Thursday, October 2, 2014

Why Does Granny Have a Screensaver?

Emma was in kindergarten the year Granny had surgery to replace one of her heart valves. I understand these two events wouldn’t normally be linked together, but in this case, I think you will agree with me that they do…

The evening before the surgery was spent with Granny in her hospital room talking, reassuring one another and even cracking several jokes about the fact that the valve she would receive would either be courtesy of a cow or a pig.
I noticed Emma didn’t say much, but didn’t think too much about it because a) I knew she was worried about her Granny and b) Emma wasn’t a chatty little girl. She was my quiet, contemplative one.
Of course she was quiet. There was a lot to take in and try to process. So I made a mental note to myself to give her a little extra reassurance before tucking her into bed that night. But as it turns out, Emma was making sense of things the way kids growing up in this day and age would.
As we were walking to our car after telling Granny goodnight, Emma looked up at me and asked, “Momma, why does Granny have a screensaver?”
“What,” I asked?

“Why does Granny have a screensaver?”

It took me a few seconds to figure out what she was talking about, but then it hit me—Emma thought Granny’s heart monitor was a computer! Thankfully I was smart enough not to laugh at her. Instead I agreed that the monitor looked like a computer (as she understood a computer to be), but that it was really a machine that was watching over Granny’s heart.
We’ve laughed about this several times since then, but today I want to use this little incident to remind you to not deprive your children of the fun that can be had and the simple joys of life not associated with a computer in any of its various forms. Or as Miranda Lambert sings…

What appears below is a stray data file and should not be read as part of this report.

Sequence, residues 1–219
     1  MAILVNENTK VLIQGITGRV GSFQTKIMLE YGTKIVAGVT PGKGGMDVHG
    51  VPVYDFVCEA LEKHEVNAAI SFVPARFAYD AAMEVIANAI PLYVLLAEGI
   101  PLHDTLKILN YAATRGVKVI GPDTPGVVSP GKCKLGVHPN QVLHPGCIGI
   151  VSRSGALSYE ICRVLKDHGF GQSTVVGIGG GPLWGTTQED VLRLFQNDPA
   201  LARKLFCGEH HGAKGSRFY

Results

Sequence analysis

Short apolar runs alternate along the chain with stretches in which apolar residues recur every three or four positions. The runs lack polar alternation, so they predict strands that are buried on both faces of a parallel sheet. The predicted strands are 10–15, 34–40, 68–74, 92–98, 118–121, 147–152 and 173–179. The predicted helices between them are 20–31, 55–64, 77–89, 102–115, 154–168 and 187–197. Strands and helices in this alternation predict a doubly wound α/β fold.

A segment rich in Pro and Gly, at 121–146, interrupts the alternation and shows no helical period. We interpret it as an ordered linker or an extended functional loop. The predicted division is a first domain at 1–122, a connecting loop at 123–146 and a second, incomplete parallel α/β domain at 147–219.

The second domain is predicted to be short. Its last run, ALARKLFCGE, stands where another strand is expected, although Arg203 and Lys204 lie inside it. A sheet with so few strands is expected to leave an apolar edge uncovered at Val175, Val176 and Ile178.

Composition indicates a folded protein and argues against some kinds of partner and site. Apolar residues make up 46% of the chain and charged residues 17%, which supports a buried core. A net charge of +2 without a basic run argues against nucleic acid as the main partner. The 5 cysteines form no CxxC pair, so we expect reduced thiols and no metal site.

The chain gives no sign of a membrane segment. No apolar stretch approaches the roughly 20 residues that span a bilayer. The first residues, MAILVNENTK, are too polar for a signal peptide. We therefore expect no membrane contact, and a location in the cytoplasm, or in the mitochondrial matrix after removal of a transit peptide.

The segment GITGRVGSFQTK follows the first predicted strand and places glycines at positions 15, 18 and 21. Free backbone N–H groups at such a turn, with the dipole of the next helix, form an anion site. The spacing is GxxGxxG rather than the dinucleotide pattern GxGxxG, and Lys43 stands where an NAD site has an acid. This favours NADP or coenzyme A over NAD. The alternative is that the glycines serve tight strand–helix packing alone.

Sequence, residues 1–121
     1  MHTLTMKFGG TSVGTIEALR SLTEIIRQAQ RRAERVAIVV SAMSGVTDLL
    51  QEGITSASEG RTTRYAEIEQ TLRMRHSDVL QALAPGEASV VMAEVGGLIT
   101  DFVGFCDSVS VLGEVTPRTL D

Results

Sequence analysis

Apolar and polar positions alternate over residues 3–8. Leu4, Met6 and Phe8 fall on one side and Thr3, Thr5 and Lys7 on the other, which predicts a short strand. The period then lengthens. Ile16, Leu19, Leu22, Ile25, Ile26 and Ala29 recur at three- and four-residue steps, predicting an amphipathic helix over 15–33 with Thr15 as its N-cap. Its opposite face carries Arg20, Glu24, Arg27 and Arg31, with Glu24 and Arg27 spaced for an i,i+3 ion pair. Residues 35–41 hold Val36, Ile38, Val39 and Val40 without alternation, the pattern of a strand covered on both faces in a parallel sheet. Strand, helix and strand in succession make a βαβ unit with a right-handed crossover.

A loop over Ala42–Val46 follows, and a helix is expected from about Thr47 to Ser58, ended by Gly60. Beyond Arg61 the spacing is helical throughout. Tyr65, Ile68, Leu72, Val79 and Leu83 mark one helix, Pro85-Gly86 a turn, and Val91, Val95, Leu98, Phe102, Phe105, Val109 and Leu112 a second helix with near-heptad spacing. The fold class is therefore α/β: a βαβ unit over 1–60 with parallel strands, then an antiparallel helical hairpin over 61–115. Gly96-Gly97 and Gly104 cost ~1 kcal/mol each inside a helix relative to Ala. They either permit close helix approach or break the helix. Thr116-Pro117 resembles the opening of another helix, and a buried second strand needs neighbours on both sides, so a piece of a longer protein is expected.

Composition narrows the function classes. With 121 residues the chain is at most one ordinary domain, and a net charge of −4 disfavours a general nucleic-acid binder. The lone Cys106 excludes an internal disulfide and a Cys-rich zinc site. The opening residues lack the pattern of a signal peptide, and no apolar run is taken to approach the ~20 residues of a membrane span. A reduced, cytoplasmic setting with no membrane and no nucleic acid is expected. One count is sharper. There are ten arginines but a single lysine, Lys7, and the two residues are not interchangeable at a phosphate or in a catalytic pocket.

Hey, whatever happened to waitin' your turn
Doing it all by hand,
'Cause when everything is handed to you
It's only worth as much as the time put in
It all just seemed so good the way we had it
Back before everything became automatic.
So here is my challenge to you:
Don’t allow phones or other devices at the dinner table

Make it clear that texting one another while in the same house is never acceptable

Write messages to your children using paper and pen

Help your little ones write cards and letters to their grandparents and encourage your older children to do the same

Play BOARD or CARD games as a family—not video games

Cook together…from scratch.
Have a sixties or seventies weekend at home--doing things the way they did back then
Spend one Saturday a month working together or learning a skill that requires you to do things by hand (woodworking, gardening, embroidery, crochet, baking, etc.)

While each generation makes both positive and negative contributions to society, we’ve allowed most of the positives from the past to become nearly extinct. Let’s bring a few of them back, okay, because children need to know that not everything revolves around hard drives, apps and the cloud.


Momma D